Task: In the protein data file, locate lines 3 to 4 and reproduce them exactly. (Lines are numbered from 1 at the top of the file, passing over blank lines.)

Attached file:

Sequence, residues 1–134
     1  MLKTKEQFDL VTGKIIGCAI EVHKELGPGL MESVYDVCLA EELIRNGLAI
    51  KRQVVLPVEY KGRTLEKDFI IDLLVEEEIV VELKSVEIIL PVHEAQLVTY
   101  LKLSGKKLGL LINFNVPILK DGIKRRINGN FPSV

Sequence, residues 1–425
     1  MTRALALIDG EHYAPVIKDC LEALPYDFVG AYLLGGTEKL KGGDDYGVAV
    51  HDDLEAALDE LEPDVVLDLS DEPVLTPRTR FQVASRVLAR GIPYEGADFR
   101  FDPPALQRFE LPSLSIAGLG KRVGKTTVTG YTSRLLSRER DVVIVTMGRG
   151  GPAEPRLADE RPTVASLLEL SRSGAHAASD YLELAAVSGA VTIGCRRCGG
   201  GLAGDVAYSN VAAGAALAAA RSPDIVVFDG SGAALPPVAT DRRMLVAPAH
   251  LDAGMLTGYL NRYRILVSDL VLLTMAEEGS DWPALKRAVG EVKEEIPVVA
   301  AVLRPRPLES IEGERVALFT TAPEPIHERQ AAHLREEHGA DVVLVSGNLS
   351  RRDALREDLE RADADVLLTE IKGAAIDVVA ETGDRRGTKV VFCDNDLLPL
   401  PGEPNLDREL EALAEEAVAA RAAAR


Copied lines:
    51  KRQVVLPVEY KGRTLEKDFI IDLLVEEEIV VELKSVEIIL PVHEAQLVTY
   101  LKLSGKKLGL LINFNVPILK DGIKRRINGN FPSV